It’s virtually impossible to keep it secret when a star is close to signing for a film. And the gossip mill enables people to attempt media manipulation. If Star A is interested in a project, the agent who represents Star B sometimes will call a newspaper or tabloid with an “exclusive” that Star B is ready to sign for the role. That’s in hopes that Star A will get furious and reject the role, clearing the path for Star B.
Of course, showbiz likes to think it’s unique. But all of the world seems to love gossip, particularly showbiz gossip. “The biggest change was when legitimate publications, which used to refuse to run unsourced information that’s negative, started quoting the National Enquirer,” says one studio PR person.
A film like the 1976 “All the President’s Men” is downright quaint, because it hinges on reporters trying to find two confirmations of a rumor they’ve heard so they can print it. Nowadays, they’d put the rumor up on the Internet and hope for the best. It’s questionable whether something like the Monica Lewinsky affair — which first surfaced on Drudge — ever would have been given such credence in any other era. In a media fun house in which major news outlets take their marching orders from the tabloids, the line separating gossip and news grows blurry.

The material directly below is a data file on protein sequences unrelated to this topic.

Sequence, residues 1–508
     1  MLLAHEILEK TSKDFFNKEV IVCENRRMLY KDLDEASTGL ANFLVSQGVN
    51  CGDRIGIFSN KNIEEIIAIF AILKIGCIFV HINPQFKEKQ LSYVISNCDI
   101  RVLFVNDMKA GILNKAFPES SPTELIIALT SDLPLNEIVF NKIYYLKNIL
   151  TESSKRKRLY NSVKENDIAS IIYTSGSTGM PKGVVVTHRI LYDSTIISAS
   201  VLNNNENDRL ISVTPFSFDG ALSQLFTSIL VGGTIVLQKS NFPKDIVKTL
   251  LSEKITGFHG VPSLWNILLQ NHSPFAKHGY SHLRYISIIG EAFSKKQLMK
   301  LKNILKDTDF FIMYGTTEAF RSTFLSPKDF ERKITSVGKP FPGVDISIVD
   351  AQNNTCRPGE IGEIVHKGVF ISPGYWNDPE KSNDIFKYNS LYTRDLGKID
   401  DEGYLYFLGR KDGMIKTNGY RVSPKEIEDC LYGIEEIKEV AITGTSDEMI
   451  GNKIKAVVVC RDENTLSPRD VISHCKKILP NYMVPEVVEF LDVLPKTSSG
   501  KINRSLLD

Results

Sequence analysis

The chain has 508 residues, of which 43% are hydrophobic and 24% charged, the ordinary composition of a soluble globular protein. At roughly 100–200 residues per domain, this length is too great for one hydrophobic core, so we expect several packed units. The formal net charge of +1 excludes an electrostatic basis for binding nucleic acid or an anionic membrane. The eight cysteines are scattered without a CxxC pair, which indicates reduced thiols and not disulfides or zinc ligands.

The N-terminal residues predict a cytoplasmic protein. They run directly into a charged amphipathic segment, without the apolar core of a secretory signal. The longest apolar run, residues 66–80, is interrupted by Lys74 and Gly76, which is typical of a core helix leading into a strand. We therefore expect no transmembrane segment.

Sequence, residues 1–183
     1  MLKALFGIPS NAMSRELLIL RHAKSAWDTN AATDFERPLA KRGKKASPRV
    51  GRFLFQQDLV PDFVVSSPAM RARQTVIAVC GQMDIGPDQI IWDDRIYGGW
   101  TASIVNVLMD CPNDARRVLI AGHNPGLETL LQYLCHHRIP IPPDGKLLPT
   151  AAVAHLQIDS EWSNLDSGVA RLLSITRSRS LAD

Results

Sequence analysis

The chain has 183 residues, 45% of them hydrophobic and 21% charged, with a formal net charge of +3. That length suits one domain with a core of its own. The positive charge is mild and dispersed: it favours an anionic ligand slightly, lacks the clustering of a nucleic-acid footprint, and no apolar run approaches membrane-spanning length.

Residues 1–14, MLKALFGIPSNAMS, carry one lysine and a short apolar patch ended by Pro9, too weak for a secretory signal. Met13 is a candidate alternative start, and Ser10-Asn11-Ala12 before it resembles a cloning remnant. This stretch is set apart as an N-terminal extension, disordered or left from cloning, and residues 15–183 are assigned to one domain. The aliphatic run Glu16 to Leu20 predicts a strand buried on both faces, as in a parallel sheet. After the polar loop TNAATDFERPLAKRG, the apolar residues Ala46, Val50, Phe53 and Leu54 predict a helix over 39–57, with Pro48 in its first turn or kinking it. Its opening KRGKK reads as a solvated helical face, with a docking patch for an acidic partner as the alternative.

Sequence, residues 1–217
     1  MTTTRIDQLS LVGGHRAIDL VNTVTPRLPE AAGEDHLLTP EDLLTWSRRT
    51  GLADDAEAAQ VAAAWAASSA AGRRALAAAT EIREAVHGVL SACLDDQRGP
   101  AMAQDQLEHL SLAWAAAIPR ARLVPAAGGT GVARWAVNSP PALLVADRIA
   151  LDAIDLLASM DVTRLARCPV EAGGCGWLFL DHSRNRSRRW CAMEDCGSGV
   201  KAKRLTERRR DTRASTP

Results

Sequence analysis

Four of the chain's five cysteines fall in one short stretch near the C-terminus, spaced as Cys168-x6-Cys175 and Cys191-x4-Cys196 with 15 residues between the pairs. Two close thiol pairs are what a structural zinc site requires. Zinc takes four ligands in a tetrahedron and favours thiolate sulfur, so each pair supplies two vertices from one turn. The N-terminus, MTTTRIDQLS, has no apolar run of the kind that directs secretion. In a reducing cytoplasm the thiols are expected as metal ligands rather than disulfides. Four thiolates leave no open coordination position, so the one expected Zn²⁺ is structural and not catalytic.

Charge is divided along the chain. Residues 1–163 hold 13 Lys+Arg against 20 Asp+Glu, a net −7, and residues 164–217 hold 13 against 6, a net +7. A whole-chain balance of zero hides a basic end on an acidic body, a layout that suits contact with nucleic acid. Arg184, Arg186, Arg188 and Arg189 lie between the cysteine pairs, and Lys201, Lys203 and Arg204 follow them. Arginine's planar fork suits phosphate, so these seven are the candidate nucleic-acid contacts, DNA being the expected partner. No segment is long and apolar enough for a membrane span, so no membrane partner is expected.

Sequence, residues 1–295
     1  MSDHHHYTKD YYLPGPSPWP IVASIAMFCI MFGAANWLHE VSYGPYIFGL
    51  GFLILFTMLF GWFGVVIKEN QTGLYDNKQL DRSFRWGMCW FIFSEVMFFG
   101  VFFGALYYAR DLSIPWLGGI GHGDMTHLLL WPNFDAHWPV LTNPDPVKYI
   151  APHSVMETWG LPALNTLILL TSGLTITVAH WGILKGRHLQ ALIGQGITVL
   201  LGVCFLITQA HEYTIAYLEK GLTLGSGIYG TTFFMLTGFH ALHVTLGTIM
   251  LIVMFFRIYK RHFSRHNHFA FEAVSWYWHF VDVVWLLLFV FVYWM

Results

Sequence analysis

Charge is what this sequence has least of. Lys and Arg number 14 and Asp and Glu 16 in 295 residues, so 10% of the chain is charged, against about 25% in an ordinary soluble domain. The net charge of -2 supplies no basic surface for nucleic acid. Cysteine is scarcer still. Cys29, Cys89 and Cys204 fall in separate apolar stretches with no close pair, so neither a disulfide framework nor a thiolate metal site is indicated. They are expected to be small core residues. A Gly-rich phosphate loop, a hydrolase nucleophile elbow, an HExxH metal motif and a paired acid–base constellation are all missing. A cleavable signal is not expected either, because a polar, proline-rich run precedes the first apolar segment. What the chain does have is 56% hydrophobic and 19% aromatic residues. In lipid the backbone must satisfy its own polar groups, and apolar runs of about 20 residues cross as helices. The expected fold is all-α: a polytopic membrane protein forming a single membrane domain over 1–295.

“Gossip has the implication of something untoward,” says ICM’s Bernstein. “It has the implication of blind items, of who’s sleeping with whom. The sexuality of leading men is always a subject of gossip. But is it gossip or is it news?”
To reiterate, Lansing is staying at Paramount: She’s not joining UNESCO or the Red Cross. So far, rumors of Lansing assuming the papacy haven’t surfaced. But hold on, there’s time.